When Congress returns from the August recess next week, one prominent bill on the agenda will be the bailout for farmers who knew they would not be covered by government subsidies this year. The government-subsidized insurance program for cattle farmers expired a year ago, and like most prudent businessmen, they should have prepared to mitigate their risks and play like everyone else in the market. But they likely suspected that the politicians in Washington would bail them out anyway. As such, they did nothing to prepare for a potential drought (which is always a threat).
The Senate will likely vote on the $383 million bailout package (H.R. 6233), which retroactively covers cattle farmers…along with many other special interests that were not hit by the drought. The House already passed the bill immediately preceding the August break.
Through the entire debate over the bailout package, and the underlying farm/food stamp bill, which costs $957 billion, you will never read this headline: Farmers Expecting Record Incomes! Here is the latest report from the USDA Economic Research Service:
In current dollars (ignoring the effects of inflation), U.S. net farm income is forecast to exceed $122 billion in 2012 and net cash income is expected to exceed $139 billion, both record nominal values. The expected increase in income reflects large price-led gains in corn and soybean receipts, as well as large increases in crop insurance indemnities. Crop farm gains should be more than enough to offset livestock farmers’ higher feed expenses and a decline in sales of wholesale milk. Extreme hot and dry conditions in the Plains and Corn Belt are drastically cutting projected corn and soybean yields. With corn and soybean supplies for the 2012 marketing year expected to be the lowest in 9 years, prices are increasing dramatically, resulting in higher than expected 2012 calendar-year receipts for many crops. This chart is from the Farm Sector Income & Finances topic page on the ERS website, updated August 28, 2012.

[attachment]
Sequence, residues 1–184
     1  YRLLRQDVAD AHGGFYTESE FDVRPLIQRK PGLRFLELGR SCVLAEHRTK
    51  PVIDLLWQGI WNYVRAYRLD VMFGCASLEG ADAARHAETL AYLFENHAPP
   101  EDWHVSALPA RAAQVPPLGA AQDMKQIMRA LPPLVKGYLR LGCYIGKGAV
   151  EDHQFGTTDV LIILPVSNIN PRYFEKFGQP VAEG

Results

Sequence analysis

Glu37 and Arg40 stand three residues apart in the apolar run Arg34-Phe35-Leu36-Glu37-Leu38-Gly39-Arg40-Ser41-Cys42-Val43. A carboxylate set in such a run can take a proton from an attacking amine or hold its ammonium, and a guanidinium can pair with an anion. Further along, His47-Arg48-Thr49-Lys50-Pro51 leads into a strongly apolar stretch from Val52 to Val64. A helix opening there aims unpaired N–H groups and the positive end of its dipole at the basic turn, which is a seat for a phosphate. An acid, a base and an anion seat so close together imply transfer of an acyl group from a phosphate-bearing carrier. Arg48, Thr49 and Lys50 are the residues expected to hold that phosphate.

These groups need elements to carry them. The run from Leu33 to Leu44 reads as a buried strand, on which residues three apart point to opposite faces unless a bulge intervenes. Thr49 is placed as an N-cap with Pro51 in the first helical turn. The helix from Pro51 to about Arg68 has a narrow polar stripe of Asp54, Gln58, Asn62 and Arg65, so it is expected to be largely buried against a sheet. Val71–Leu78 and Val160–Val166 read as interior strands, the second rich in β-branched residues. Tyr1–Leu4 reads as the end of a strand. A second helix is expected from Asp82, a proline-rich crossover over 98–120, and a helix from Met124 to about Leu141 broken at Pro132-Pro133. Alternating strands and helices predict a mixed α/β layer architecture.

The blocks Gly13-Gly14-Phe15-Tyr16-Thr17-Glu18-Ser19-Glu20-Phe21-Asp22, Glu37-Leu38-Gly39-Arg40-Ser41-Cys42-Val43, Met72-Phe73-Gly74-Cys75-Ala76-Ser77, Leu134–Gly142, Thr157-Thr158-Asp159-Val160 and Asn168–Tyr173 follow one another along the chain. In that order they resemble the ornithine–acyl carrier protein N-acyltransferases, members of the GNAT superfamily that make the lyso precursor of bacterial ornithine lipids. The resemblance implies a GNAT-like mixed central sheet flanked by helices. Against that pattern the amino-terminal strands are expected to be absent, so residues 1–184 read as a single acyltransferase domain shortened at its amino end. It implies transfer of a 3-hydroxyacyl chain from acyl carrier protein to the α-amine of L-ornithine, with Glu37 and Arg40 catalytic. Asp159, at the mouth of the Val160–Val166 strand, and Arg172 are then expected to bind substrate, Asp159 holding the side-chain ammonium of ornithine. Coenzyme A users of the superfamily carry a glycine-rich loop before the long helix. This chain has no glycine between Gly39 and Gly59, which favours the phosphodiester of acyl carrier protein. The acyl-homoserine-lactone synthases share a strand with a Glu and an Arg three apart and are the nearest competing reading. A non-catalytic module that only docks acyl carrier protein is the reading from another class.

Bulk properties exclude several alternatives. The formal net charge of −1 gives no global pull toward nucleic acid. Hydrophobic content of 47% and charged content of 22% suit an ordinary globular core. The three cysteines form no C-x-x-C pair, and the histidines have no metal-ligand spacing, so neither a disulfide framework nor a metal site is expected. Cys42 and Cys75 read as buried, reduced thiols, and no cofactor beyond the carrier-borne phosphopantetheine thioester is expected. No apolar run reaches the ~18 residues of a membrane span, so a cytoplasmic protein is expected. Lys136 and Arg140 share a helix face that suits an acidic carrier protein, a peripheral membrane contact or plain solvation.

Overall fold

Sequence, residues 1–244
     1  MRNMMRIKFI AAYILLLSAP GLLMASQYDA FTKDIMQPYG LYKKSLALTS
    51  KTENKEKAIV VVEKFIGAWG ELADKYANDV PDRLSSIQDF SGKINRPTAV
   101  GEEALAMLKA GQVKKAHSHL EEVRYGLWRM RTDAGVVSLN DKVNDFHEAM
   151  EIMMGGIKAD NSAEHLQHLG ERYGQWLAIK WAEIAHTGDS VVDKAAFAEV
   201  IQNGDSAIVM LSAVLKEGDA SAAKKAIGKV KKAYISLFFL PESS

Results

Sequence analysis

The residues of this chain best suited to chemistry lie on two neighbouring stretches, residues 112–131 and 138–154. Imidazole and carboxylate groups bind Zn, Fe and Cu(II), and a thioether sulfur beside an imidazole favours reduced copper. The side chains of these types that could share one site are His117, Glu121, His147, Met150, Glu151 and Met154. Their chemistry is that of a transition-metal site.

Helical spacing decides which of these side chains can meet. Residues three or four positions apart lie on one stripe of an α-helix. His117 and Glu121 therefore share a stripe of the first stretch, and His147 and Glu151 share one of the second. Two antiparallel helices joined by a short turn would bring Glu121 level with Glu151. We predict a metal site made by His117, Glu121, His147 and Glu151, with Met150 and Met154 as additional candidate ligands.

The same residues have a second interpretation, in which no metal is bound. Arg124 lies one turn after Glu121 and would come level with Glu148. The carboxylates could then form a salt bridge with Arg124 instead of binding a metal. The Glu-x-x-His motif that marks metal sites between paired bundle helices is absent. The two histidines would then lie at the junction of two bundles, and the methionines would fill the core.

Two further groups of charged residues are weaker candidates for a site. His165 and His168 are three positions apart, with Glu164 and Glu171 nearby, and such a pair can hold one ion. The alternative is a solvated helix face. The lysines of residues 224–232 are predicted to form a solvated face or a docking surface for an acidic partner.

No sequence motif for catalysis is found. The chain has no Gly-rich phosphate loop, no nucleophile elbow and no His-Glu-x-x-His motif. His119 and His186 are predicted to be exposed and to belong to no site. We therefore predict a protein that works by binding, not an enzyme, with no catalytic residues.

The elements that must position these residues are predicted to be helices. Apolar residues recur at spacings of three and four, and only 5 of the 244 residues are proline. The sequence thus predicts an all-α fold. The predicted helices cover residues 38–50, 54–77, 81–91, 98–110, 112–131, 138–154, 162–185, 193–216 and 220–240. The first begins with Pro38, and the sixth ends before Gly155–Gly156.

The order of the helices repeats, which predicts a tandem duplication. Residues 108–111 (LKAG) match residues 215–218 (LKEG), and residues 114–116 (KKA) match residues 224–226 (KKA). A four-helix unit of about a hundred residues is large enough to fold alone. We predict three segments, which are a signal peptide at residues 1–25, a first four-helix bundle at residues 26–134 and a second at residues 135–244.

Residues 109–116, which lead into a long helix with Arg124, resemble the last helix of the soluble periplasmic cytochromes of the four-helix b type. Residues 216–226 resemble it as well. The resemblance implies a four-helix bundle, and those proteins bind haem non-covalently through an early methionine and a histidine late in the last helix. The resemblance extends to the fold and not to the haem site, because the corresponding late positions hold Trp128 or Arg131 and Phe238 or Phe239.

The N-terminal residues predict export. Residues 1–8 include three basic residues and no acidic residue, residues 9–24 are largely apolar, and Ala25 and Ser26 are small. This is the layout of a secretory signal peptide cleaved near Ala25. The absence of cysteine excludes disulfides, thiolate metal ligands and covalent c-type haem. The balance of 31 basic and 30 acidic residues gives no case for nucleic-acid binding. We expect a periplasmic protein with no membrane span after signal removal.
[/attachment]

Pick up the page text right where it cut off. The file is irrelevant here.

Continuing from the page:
Excuse me? So while farmers are receiving record indemnities from the existing insurance programs and are enjoying profits from the higher prices caused by the drought, we are supposed to expand those programs and pass an additional bailout package?
The real answer to lowering the cost of food on consumers is to eliminate the ethanol mandate, not to subsidize the farmers. That will certainly help the cattle farmers who are suffering from a shortage in corn feed.
Look, if we lack the will as a party to cut back on corporate subsidies for Big Ag, who in their right mind believes we will have the guts to cut back on individual welfare?
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